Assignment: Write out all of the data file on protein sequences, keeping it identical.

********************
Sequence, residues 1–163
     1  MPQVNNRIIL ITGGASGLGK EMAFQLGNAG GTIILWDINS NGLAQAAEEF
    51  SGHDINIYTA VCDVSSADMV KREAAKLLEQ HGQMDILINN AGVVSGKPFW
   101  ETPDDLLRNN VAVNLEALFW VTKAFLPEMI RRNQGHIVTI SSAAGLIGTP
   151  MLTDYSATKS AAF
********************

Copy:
Sequence, residues 1–163
     1  MPQVNNRIIL ITGGASGLGK EMAFQLGNAG GTIILWDINS NGLAQAAEEF
    51  SGHDINIYTA VCDVSSADMV KREAAKLLEQ HGQMDILINN AGVVSGKPFW
   101  ETPDDLLRNN VAVNLEALFW VTKAFLPEMI RRNQGHIVTI SSAAGLIGTP
   151  MLTDYSATKS AAF